When you think of prisoners during the Revolution you are inclined to think of possibly the two most famous women who were arrested and sentenced to death – Marie Antoinette and Charlotte Corday, who assassinated Marat, but there were many other women who wrote journals about their lives during the French Revolution, some written from prison, others were purely about how their lives changed during this period.
In 1803 Napoleon sent out an edict to detain every British citizen living in France at that time; all British persons were to be arrested, imprisoned and interrogated, with some also being sentenced to death.
We know however, that many lesser known women were also detained. From her letters and journal we have found out that our heroine spent from the early 1790’s to the mid 1820’s travelling between England and France, with part of her life being spent in a variety of French prisons. We also know that Helen Maria Williams, whom we have written about before, spent time in The Luxembourg prison, Paris, from where she continued to work on translations.
Apart from Le Bastille, the main prison used to house British detainees was La Conciergerie, a former royal palace in Paris; between 2nd April 1793 and 31st May 1795 over 2,500 prisoners were sent to the guillotine from La Conciergerie.
During this period in history many women, whether in prison or just trying to continue with their day to day lives, wrote letters and journals which have survived, giving us an insight into their lives at this time.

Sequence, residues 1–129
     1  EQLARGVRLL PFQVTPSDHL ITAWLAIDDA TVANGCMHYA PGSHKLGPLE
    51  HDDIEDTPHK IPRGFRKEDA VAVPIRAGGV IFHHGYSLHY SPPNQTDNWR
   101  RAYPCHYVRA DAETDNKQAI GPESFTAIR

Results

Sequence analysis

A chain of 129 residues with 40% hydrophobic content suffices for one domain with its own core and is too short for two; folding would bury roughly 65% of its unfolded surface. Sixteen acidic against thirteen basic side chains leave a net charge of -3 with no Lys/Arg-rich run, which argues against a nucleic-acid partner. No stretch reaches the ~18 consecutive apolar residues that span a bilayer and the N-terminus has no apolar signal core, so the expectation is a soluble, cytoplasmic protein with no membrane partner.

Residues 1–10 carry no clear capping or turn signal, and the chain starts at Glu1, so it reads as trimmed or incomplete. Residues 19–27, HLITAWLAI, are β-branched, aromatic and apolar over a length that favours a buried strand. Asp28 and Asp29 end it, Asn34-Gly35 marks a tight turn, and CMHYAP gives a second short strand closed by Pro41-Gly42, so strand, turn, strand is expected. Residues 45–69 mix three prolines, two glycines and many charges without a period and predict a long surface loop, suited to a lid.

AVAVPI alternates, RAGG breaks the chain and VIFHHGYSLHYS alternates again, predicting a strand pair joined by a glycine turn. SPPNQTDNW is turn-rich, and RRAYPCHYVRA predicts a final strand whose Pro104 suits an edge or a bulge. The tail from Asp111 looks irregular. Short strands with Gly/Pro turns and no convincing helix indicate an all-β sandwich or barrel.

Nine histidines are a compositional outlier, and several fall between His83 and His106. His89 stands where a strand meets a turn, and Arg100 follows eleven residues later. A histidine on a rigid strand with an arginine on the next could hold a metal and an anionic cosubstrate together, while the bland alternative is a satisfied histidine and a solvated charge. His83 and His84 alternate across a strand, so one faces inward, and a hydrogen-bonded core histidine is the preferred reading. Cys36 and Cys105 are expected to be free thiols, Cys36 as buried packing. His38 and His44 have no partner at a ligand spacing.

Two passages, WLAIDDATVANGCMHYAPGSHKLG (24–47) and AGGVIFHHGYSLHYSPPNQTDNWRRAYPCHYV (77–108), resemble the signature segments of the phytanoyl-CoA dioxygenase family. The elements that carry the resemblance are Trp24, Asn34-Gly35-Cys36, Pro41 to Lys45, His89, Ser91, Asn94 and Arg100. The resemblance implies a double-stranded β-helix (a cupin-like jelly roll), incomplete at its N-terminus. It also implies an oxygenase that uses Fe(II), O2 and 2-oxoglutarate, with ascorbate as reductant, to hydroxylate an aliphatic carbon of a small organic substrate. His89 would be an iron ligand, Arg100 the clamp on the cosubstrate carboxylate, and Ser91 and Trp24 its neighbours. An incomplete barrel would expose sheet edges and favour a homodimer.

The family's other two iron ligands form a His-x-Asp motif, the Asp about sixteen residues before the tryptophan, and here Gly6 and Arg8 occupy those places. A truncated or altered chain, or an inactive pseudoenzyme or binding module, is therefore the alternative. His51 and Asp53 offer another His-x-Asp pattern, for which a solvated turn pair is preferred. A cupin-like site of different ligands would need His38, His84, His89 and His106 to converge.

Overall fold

For those interested in reading about life during the Revolution there are quite a few online journals that make fascinating reading, such as the one by the Duchesse De Duras.
A well known Scottish courtesan Grace Elliott nee Dalrymple was also purported to have been held as a prisoner during the Revolution, however the jury has always remained out as to whether or not this was in fact true, and just how much truth is in her Journal of my Life during the French Revolution (we will reveal the true facts in our forthcoming book on Grace).
Grace is another lady who we have been closely researching, but more of this at a later date.
Another interesting journal was written by Henriette-Lucie Dillon born 25th February 1770 at Saint-Sulpice, Paris. She was the daughter of General Arthur Dillon, who married his second cousin Therese-Lucy de Rothe – Journal of a Woman of Fifty Years. We stumbled across this journal we researching our heroine who was a friend of one of Arthur Dillon’s relatives.
The Great French Revolution is narrated in the letters of Madame J which were edited by her grandson Edouard Lockroy. Madame J had never anticipated her letter being published as they were not written for the public to read, but none the less they give a fascinating account of her life.
All of these journals give the reader a real insight into life in France before, during and after the French Revolution and we feel they are definitely worth a read!
Armed with snippets of information from these journals we set about trying to research French records in the hope of finding the people we were interested in listed in at least one of the prisons we had read about where many of the English women were held during the revolution.
During our research we have came across a wonderfully helpful website set up by Anne Morddel which gives links to the various French Departments.
Anne very kindly sent us a list of women that were listed as foreign British prisoners in Napoleonic France. Sadly, our lady was not on the list, but many others were. If you think that one of your relatives might have been on the list it is worth emailing Anne to obtain a copy.